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    Partial Repetition Training

    Chad is at the Monolift with 495 on the bar and heís ready to go. Heís only 170lbs, but his hair-gelled friends from the football team are there and he canít look like a bitch. Ridiculously huge belt, check; knee wraps, check; knee sleeves over the wraps, check; wrist wraps, check; barbell pad, check Ė letís do this! Chad takes a few quick breaths in and out and un-racks the bar. Canít back out nowÖ And heís has no choice but to succeedÖ This isnít in some cage. In his head runs the fundamentals of heavy squatting, arched low back, tight upper back, push the knees out comin up, ass to grass. He starts his decent to the bottom slowly. Heís a little shaky under all that weight, but overall heís holding it up well. He feels himself break parallel as always and pushes back up with every ounce of strength heís got. He feels himself almost defecate itís so heavy. But low and behold, he racks the weight. He did it, squatted all of it. Fist bumps for all!!!!! Of course if you review the footage it looks like thisÖ

    So his squat didnít go very deep at allÖ Pathetic in fact. Canít really call it a squat can you? Maybe not, but those partial squats he is doing are an incredibly powerful training tool for a powerlifter or any trainee looking to increase their poundage in just about any lift.

    They arenít done as haphazardly as the noob in paragraph one of course and there is a methodology to this.

    Letís consider a few basic points:
    Partials allow you to overload the muscles (relatively safely)
    Facts already in evidence show that max or near max weights allow the muscles to be built up by the weight itself and not by the repetitions as occurs in bodybuilding.
    Partials prepare you to lift heavier with a full Range of Motion (ROM)
    This concept is pretty simple I think. Squat 315 for 3 reps. Then squat 135 for 3 reps. The 135 is much easier of course as youíre used to the 315. But squatting with that 315 also prepared you to lift the 135 with better form. You hold upper back tightness with ease, chest pushed out and you found it easier to focus on breaking at the hips without breaking at the knees simultaneously (a problem I have L )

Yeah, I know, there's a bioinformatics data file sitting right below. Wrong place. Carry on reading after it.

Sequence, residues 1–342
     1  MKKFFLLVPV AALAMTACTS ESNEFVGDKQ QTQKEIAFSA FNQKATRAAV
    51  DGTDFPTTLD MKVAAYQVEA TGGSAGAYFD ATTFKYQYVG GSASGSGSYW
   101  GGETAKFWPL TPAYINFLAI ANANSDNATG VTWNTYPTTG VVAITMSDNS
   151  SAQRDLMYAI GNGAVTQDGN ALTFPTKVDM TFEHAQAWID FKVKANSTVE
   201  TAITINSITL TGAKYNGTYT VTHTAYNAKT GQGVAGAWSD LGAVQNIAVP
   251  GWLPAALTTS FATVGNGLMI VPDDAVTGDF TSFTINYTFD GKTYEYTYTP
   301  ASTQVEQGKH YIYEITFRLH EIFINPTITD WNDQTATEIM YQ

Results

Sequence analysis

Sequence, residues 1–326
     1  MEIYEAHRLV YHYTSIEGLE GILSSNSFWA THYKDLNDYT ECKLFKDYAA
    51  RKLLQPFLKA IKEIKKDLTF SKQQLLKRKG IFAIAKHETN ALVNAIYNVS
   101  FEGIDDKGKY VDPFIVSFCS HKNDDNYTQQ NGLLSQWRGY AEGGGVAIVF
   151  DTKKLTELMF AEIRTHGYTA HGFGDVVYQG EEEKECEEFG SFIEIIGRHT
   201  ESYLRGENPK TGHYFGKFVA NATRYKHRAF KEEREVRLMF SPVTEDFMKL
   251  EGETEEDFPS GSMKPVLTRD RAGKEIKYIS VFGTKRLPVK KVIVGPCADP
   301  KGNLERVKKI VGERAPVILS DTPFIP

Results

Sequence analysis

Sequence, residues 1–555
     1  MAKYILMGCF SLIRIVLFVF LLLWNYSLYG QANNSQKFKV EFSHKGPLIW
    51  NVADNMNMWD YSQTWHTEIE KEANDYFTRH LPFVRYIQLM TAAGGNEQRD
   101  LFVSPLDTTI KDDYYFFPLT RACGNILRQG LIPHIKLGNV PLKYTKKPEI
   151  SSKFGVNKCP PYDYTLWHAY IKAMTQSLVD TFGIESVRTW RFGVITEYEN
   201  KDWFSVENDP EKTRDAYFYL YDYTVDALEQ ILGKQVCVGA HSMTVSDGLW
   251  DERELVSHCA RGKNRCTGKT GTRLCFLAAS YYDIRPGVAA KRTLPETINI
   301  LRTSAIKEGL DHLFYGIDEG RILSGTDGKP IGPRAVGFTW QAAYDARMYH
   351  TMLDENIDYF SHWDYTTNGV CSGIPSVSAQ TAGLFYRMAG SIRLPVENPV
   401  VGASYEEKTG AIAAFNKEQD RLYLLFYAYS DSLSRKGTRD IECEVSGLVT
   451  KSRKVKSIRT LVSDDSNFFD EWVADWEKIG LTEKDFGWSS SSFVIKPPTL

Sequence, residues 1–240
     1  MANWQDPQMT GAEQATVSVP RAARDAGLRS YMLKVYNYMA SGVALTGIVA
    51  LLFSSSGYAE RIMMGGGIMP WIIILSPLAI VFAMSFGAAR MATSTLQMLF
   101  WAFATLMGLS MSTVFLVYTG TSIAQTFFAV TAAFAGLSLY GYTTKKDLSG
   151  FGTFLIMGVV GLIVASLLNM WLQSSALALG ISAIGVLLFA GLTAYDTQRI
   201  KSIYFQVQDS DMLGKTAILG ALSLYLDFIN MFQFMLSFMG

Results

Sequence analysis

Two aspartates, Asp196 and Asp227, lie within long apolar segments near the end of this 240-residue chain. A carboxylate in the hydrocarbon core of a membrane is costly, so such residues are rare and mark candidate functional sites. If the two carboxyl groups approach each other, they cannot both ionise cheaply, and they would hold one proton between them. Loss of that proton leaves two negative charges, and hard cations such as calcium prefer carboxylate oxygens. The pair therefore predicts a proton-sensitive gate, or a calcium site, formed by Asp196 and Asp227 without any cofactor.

Partials make you feel like a real man! Think of it like learning to get psyched up for a lift. Youíre going try and move a weight that you simply cannot do on a normal basis with a full range of motion. You usually squat a 1RM of 800lbs, well now youíre going to put 1,000 on your back. It gets you right to the climax of the lift.
    Benefits: EstablishedÖ So here is the how:

    The idea is to work in the range just above your sticking point and to overload the muscle and connective tissues. So make use of the rack. Set the safety pins at the appropriate height for your lift to give you the proper partial range of motion and an element of safety. So for a squat you would place the pins so that youíll have a 3 to 6 inch ROM. Same for bench and OH Press. For deads, rack pulls are generally performed.

    Work the weak areas of your ROM as well, but during a separate workout.

    Do not let the mind hold you back. If you normally can bench 405, start (after warming up) at 495 or above. You will be amazed at how much stronger youíll be.

    Increase the weights used from one workout to the next. Donít let it get stagnant. Even if itís just 20 pounds, add the weight.
    Do not use partial training excessively. Every other session is ok; but, try not to extend beyond six months. Like all things, the body will strangely adapt to just about anything and this is just one of many shock techniques out there.

    Just another shock principle, but this is a great one, and often forgotten!

    "Overzealous dosing" -Jin

    Rest in Peace Robot Lord. First round of Natty Boh is on me when I make it up there with you brother.

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